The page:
Sharing Ideas of Performance Across Borders and Disciplines at Earthdance
What We Talk About When We Talk About "Interdisciplinarity" - A Roundtable at New York Live Arts, August 12
Eva Yaa Asantewaa is @magickaleva on Twitter
At first sight, the title of this event–hosted by Marya Wethers, International Project Director of New York Live Arts’ Suitcase Fund, and moderated by Peter Sciscioli–might provoke some to do what my wife did: draw a big red X over the two offending letters: “it.” But perhaps English deserves a special word to capture that quality of searching, generous sharing across performing arts disciplines, an experience Sciscioli calls “one of the most inspiring and powerful of my life."
and Peter Sciscioli (Curator, International Interdisciplinary Artists
Consortium). Photo (c)2013, Eva Yaa Asantewaa.
Sciscioli--best known for his work with Meredith Monk’s troupe--is a dancer, actor, vocalist and violinist at ease with the flow of one form of expression to another. He also trains artists in Voice as Movement, examining what he calls “an anatomical approach to vocal production” and “exploring the space that the body and voice occupy together.” Sciscioli has performed in works by Philip Glass, Ping Chong and Susan Marshall among many notable innovators in the arts. In 2006, at a professional training taught by Monk, he met Ana Sofrenovic, an actress and singer from Serbia whose vocal repertoire spans jazz, rock and opera. The two have collaborated since 2010.Click here to view a video of Sciscioli and Sofrenovic in a work-in-progress at La MaMa in 2011.
As curator of the 2013 International Interdisciplinary Artists Consortium--a four-day summer residency followed by the Moving Arts Lab workshops and performance--Sciscioli invited Sofrenovic and thirteen other artists from the US and abroad to Earthdance, a retreat center in the Berkshire mountains of western Massachusetts. The artists lived dormitory-style, taking responsibility for the center’s upkeep. Pairs of artists developed projects in the areas of voice and movement, contact improvisation, site specific/durational performance and physical theater, and then offered workshops to the entire group. For each two-hour workshop, collaborating partners devised creative exercises, tools and strategies sourced in their own research discoveries to share knowledge with their newfound community of colleagues.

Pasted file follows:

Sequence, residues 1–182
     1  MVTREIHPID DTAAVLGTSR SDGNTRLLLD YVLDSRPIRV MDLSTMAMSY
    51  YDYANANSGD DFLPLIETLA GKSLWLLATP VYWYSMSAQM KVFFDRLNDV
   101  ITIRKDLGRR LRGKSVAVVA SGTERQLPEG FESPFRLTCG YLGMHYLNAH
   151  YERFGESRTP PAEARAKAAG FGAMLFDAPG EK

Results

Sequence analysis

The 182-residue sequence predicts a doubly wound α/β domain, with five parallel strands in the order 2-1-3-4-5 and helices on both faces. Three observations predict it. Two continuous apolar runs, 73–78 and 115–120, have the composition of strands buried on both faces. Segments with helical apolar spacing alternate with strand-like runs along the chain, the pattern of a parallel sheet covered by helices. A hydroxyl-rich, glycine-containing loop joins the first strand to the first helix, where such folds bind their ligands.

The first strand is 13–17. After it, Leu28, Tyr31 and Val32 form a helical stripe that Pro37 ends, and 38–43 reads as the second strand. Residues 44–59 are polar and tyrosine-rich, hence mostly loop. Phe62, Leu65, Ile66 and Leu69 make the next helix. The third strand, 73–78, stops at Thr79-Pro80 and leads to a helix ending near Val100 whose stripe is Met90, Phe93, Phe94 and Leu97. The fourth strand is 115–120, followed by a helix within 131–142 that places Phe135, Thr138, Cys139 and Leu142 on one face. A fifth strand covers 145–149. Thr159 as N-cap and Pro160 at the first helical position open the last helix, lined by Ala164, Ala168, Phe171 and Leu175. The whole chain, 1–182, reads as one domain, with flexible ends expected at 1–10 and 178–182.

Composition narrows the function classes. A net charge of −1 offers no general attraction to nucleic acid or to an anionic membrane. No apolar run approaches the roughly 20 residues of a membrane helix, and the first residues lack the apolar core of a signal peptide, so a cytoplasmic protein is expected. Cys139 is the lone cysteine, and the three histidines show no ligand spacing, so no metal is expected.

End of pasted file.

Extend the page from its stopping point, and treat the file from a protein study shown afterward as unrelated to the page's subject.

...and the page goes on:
|Ana Sofrenovic (Serbia). Photo (c)2013, Eva Yaa Asantewaa|
The Suitcase Fund enabled four Eastern Europe-based artists to attend this year’s IIAC–Sofrenovic, Iskra Sukarova from Macedonia and two members of the Polish physical theater lab Studio Matejka, Korean-American Daniel Han and Swiss-born Guillaumarc Froidevaux. On August 12, Sciscioli and most of the IIAC participants reassembled at New York Live Arts to reflect on the value of their interchange.
Left to right: Ursula Eagly (USA) with Guillaumarc Froidevaux and Daniel Han (Poland). Photo (c)2013, Eva Yaa Asantewaa
Spatz talked of having folded unplanned elements into his workshop and taking his collaborator, Balduzzi, by surprise, unbeknownst to the other participants. It was a crafty way for the teachers to keep their own responses sharp and real.
Like other participants, Han acknowledged the challenge, as well as the opportunity, Sciscioli had set for everyone during the Moving Arts Lab.
“We can’t teach anything in two hours,” he said. “And most of the community there are already incredible movers. [But] how can we share the experience that sometimes, in connecting in a simple way, you can open up something really precious?”
Maximilian Balduzzi (USA). Photo (c)2013, Eva Yaa Asantewaa
"We're coming from so many different roads, different landscapes and disciplines,” he later added. “But there is a search for authenticity which is healing."
Sofrenovic also wondered how she and Sciscioli could effectively transmit information and methods that had taken years to discover and build upon.
“A huge part of our exploration is everything that comes before the word and everything that happens within,” she said. “These realms are hard to access, and people find this quite uncomfortable to share. How do you achieve that in this environment?”
Left to right: Martin Lanz Landazuri (Mexico) and Iskra Sukarova (Macedonia). Photo (c)2013, Eva Yaa Asantewaa
There appeared to be general agreement that the isolated, rural setting--and the freshness of meeting many of their fellow residents for the first time–actually fostered a useful vulnerability and openness.
“We were talking about three different workshops a day for everybody. Three different worlds a day for everybody,” Sofrenovic said. “But when you share artistic work and have honesty about it, you can create an incredible amount of trust among fifteen people who don’t know one another.”
For program and application information for The Suitcase Fund, click http://newyorklivearts.org/programs/engage/international.php